The purpose of this retrospective study was to evaluate health plan member utilization patterns of extended-release naltrexone (XR-NTX) and assess the cost of alcohol-related hospitalizations and medical and pharmacy costs. This is the first known study that examined post—XR-NTX therapy outcomes and costs.
Study Design: Retrospective analysis of claims data.
A sample of 48 members was identified with continuous pharmacy and medical benefit enrollment between July 1, 2006, and December 31, 2008, and a medical claim for reimbursement code J2315 (naltrexone for extended-release injectable suspension) with a date of service between July 1, 2007, and December 31, 2007.
The average duration of XR-NTX therapy was 3 months. Among the 40% of patients who received 3 or more months of therapy, 58% had gaps in therapy. Post—XR-NTX therapy, alcohol-related hospitalization, medical, and pharmacy costs significantly decreased.
Findings validate that abstinence from alcohol remains an issue after discontinuing therapy. Despite most patients being on therapy for less than 6 months, there were significant reductions in costs for alcohol-related hospitalizations, as well as total medical and total pharmacy costs.
(Am J Manag Care. 2011;17:S210-S212)
Alcohol-use disorders, including alcohol abuse and dependence, affect 7% to 8% of Americans at any given time, or about 15 to 20 million adults.1 In the United States, alcohol-use disorders account for $185 billion in healthcare costs, lost wages, bodily injury, and property damage annually.2
Alcohol abuse is characterized by a pattern of risky use (eg, continuous and heavy alcohol use, binge drinking) that causes a person to experience 1 or more consequences at work or school (absenteeism, poor job performance), reckless behavior (eg, driving while intoxicated), legal problems (eg, getting arrested), and personal or relationship problems (eg, fighting with spouse).3 The recommended treatment for alcohol abuse is abstinence, education, and support by a counselor or other health professional and/or peer support groups such as Alcoholics Anonymous.
Alcohol dependence is more severe than abuse, and occurs when a person has a physical or emotional dependence on the use of alcohol that leads to significant distress or harmful consequences.4 Persons with alcohol dependence experience 1 or more consequences (eg, often drink more than intended, have obsessive thoughts about alcohol, spend a great deal of time and resources obtaining alcohol, and avoid important activities because of alcohol) of heavy drinking in combination with tolerance (the need for larger amounts of alcohol to feel its effect) and, when drinking ceases, withdrawal symptoms (eg, shakiness, agitation). Treatment for alcohol dependence can include education and support for abstinence, professional counseling and/or peer support groups, and medication. Four US Food and Drug Administration (FDA)—approved medications are available for the treatment of alcohol dependence: oral naltrexone, disulfiram, and acamprosate (all given daily), and extended-release injectable suspension naltrexone (known as naltrexone XR or XR-NTX).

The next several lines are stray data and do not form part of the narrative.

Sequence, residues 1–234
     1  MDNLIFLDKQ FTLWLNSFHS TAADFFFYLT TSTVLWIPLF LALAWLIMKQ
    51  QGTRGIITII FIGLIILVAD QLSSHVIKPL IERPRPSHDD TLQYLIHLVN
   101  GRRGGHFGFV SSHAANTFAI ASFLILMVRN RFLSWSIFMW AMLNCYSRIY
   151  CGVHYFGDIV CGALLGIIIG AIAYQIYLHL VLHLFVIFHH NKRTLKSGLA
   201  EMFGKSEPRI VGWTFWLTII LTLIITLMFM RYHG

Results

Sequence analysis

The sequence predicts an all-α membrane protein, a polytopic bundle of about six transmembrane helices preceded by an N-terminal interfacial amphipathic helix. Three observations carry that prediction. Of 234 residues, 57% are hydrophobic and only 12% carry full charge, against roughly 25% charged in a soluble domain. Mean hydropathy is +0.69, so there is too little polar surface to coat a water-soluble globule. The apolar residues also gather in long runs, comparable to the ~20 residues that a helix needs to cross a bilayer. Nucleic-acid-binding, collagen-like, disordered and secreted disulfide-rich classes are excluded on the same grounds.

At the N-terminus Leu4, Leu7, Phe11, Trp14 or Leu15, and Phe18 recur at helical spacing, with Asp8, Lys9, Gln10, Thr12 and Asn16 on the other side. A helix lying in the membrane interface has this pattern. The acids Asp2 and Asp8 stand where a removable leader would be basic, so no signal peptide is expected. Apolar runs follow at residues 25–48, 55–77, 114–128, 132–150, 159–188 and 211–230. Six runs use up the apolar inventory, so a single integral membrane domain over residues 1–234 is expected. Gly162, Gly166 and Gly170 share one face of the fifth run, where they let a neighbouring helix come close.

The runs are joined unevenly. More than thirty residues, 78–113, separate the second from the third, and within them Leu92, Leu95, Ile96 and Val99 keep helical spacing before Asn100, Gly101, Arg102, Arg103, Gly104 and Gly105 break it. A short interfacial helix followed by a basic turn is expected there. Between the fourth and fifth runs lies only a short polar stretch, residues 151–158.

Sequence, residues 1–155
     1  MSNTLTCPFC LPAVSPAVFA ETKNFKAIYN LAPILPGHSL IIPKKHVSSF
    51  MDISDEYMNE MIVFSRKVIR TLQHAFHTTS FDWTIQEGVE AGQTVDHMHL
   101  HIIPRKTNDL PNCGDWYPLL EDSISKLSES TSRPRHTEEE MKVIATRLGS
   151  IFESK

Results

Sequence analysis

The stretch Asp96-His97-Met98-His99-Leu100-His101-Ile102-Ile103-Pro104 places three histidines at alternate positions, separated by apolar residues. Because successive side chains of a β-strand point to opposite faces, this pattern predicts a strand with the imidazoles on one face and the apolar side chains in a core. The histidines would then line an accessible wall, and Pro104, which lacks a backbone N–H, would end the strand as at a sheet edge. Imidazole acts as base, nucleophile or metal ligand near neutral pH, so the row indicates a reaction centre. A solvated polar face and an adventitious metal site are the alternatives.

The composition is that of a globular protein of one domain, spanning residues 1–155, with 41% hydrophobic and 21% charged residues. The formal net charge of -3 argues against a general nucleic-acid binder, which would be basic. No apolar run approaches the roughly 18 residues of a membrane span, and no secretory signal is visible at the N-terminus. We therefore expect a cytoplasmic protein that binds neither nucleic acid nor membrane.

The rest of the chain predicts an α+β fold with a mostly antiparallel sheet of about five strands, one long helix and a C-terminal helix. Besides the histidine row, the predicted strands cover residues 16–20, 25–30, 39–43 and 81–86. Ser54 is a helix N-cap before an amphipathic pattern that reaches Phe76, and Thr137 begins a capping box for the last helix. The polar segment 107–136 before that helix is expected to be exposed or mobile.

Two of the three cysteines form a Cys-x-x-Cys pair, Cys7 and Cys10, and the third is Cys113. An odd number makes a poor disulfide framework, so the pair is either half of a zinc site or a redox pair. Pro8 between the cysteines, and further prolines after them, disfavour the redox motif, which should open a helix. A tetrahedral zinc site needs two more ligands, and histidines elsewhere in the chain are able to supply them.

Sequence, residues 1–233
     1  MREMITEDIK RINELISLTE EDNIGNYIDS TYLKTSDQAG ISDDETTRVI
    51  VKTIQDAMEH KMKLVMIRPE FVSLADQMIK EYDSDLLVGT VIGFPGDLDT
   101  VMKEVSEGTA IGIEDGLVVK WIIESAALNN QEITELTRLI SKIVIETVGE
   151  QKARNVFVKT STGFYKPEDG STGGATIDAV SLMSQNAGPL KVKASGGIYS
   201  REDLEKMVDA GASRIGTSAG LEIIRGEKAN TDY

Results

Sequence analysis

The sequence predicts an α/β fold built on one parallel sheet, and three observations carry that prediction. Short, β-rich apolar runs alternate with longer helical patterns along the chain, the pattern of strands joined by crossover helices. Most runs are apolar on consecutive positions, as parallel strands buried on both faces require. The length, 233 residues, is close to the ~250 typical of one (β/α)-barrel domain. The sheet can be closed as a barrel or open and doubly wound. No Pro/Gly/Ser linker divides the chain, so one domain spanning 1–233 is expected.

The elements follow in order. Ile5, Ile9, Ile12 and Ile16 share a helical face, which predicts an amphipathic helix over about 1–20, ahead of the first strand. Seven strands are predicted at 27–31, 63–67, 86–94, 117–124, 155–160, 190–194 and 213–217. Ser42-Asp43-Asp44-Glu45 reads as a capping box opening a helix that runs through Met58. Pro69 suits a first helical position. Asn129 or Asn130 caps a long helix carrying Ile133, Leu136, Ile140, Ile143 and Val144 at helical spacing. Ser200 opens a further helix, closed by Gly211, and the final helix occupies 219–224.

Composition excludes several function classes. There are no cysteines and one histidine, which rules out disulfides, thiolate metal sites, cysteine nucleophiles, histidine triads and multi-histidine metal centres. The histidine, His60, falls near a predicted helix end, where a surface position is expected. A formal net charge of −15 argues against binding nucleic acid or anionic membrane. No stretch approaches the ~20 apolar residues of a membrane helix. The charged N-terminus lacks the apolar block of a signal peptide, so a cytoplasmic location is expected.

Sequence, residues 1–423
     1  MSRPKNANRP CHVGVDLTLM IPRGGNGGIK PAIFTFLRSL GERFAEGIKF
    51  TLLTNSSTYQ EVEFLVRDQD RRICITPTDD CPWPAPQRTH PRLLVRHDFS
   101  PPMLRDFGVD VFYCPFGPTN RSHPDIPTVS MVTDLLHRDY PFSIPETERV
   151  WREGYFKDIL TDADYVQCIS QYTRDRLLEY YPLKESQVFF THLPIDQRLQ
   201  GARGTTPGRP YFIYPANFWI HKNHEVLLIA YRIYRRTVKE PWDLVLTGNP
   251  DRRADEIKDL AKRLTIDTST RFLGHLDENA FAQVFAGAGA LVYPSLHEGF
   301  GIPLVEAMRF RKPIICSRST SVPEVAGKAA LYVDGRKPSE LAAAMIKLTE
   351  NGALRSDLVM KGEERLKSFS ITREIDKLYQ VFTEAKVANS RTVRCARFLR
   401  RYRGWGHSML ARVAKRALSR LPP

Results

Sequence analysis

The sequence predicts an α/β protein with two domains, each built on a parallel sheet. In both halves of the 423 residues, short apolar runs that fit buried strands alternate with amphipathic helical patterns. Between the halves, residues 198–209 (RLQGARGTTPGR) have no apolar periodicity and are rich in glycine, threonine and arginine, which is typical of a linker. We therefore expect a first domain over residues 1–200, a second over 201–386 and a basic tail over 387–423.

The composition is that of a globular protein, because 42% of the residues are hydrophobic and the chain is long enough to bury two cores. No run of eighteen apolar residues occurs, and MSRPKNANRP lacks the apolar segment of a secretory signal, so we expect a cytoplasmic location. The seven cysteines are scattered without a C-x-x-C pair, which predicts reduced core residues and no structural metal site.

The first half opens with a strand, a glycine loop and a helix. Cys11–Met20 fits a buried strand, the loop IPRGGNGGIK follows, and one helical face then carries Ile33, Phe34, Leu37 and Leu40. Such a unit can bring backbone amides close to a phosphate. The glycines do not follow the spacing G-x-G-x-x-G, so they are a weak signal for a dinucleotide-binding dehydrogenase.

In April 2006, the FDA approved XR-NTX for once-monthly administration in the treatment of alcohol dependence in patients who are able to abstain from alcohol in an outpatient setting prior to initiation of treatment.5-7 The recommended dose of XR-NTX is 380 mg, given by intramuscular (IM) injection.5-7 Naltrexone is an opioid antagonist with highest affinity for the mu (μ) opioid receptor.5,6 XR-NTX was studied in a randomized, double-blind, placebo-controlled trial in which a 25% reduction in the event-rate of heavy drinking days (P = .03) was noted at the 6 month end point.8